This type of rubber-diaphragm-type pressure chamber has not been seen on a Water Warriors water blaster since the Water Warriors Gorgon (2010 - HP version). As some may recall, in 2010, Buzz Bee Toys Inc. accepted an injunction related to technologies involved Hasbro Inc.'s "CPS patent" and could not sell elastic-pressure-chamber-based water blasters until the patent expired. Guess what recently expired!
Of course, due to the way retail works, the Water Warriors Waterlord is not going to be available in the US for Summer, 2015. Instead, one will be able to find it in Walmart, Canada. To my fellow Canucks, time to taunt our friends to the South!
The trigger and grip area on the Water Warriors Waterlord is nicely sculpted and feels good to hold. Due to the sheer bulk of this blaster, a lot of weight ends up being supported by one's trigger-hand, but the Waterlord balances decently. The trigger pulls smoothly and works well. However, all this will not make a fully-loaded Waterlord feel any lighter, of course.
The reservoir for the Water Warriors Waterlord is massive and makes up the majority of this water blaster, holding even more water than the huge reservoir on the Water Warriors Steady Blast. Thanks to the Waterlord's significant width, this blaster holds more water in its reservoir than the old Super Soaker CPS 1500! (Sidenote: the Super Soaker CPS 1500 comes out ahead it total water capacity since its pressure chamber is larger.) The reservoir cap is nicely tethered and does a good job at sealing the reservoir and not leaking. However, due to the cap's angled position, there is an increased chance that it may be in contact with the water within the reservoir during pumping; this can result in a little bit of burbling noises. Perhaps the biggest challenge is trying to determine the best way to hold this water blaster when refilling it since it gets quite heavy and there is no clear place to support the Waterlord from apart from its trigger-grip.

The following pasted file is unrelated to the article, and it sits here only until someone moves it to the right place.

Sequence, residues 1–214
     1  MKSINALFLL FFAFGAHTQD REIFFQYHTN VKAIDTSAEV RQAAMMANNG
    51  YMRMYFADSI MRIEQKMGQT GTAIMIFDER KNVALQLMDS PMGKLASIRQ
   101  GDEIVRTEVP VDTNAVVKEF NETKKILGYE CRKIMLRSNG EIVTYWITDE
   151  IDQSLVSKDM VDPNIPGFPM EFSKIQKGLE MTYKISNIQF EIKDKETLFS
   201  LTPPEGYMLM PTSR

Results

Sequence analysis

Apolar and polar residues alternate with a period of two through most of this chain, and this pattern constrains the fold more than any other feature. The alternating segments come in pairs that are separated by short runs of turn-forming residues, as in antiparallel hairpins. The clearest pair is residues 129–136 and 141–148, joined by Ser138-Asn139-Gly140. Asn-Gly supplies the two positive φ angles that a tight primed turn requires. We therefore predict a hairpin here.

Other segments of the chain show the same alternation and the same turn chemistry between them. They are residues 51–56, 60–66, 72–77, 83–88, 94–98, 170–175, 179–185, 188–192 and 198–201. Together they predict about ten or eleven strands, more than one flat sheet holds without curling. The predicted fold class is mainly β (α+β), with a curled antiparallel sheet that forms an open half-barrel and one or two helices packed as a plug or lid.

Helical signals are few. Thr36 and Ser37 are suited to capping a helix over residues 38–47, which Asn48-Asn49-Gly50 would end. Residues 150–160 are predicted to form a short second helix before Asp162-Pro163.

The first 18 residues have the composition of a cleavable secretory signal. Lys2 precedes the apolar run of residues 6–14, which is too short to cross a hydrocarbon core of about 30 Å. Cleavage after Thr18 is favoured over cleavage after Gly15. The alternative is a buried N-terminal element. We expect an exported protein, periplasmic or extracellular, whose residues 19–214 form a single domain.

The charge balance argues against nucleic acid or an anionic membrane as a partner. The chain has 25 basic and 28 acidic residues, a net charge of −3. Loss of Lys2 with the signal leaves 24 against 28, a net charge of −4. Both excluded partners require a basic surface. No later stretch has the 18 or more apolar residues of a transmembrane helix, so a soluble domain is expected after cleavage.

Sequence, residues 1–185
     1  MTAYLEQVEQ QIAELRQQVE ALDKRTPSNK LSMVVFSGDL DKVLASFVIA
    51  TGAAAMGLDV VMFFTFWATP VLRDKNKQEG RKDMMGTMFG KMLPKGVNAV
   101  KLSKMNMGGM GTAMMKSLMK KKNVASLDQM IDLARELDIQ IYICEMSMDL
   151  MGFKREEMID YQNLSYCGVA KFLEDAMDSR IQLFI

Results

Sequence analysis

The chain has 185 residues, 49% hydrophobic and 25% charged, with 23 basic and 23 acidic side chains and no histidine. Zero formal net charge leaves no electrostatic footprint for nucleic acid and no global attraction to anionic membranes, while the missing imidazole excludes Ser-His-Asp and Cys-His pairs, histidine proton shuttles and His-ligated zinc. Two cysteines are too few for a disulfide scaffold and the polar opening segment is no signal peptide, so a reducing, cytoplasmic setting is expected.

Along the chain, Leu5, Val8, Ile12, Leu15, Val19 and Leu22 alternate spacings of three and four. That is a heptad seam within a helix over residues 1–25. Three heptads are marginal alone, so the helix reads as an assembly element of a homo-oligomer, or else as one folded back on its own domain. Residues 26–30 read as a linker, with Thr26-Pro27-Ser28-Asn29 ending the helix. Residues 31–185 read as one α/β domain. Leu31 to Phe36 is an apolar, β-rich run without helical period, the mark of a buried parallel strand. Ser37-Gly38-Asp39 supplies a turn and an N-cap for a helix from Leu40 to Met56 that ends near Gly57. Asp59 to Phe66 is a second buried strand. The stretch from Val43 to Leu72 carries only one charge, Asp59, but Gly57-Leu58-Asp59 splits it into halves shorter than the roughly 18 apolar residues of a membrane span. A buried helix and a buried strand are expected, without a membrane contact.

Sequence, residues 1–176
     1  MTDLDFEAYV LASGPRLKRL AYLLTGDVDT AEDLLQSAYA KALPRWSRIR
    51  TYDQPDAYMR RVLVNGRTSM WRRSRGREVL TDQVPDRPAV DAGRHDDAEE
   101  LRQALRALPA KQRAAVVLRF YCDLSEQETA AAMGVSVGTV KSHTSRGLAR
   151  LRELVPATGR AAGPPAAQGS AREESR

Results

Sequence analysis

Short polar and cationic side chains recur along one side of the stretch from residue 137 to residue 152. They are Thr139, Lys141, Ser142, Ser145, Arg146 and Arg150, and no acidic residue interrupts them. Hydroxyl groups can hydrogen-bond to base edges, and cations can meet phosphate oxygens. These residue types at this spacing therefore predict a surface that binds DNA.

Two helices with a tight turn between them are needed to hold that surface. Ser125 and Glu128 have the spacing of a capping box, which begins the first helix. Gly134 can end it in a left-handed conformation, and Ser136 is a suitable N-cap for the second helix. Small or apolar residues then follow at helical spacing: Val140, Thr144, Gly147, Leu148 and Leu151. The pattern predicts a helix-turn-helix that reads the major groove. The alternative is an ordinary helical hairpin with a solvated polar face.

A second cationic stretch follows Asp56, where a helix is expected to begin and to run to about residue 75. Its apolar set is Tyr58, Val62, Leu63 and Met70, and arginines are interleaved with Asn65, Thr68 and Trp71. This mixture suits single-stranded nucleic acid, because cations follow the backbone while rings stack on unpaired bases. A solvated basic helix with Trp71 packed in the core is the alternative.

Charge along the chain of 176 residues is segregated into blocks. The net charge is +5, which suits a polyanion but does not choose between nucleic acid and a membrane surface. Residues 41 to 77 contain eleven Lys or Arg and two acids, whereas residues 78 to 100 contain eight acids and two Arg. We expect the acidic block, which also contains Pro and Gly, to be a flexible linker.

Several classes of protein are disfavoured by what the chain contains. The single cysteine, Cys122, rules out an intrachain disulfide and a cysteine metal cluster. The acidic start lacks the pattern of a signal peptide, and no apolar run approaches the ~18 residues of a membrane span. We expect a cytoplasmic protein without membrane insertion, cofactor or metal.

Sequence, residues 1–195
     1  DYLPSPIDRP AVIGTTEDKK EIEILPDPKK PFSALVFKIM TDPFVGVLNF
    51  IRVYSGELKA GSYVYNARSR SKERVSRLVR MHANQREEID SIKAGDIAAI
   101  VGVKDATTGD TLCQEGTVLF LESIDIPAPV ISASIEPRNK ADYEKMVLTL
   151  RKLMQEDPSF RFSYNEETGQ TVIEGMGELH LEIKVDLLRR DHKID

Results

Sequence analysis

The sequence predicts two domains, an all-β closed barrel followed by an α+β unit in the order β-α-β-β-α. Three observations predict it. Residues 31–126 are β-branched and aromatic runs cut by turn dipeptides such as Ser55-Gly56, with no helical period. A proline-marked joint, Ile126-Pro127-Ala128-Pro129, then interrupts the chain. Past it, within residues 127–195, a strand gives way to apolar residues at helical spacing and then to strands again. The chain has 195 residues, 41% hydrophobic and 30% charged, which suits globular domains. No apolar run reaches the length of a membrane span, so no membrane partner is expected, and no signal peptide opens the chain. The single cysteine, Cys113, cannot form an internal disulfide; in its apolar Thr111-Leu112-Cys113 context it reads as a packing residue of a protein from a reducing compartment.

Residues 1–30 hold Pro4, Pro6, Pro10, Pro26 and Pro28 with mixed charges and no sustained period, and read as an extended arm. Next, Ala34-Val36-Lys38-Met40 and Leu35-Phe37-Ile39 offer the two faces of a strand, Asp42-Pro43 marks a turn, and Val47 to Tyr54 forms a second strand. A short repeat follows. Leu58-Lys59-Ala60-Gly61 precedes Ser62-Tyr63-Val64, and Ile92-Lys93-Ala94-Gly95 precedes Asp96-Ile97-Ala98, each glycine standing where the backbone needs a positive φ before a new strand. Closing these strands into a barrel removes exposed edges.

In the end, the Water Warriors Waterlord is a welcome sight for those seeking higher-performing water blasters. Powered by its Hydro Power pressure chamber, all its nozzle settings pack a better punch than anything else on the market (aside from the one-shot river cannons). The biggest problem with the Water Warriors Waterlord is its extremely limited amount of distribution for 2015. Hopefully, the Waterlord will see a much wider retail distribution in 2016, but only time will tell. For those who can find the Water Warriors Waterlord, they should be rather satisfied to see the return of better performing water blasters. Able to easily outperform any other water blaster currently available, Water Warriors Waterlord users only need to be wary around those wielding similar-technology-based water blasters.
Elastic pressure chamber; solid streams; multiple stream settings to match a variety of situations; excellent reservoir capacity
Slight pump lag at high-rates of pumping; somewhat tricky to support when refilling; largest nozzle setting feels like it could have been larger and still perform well; fairly heavy when fully loaded; lacks shoulder strap; very limited distrbution for 2015.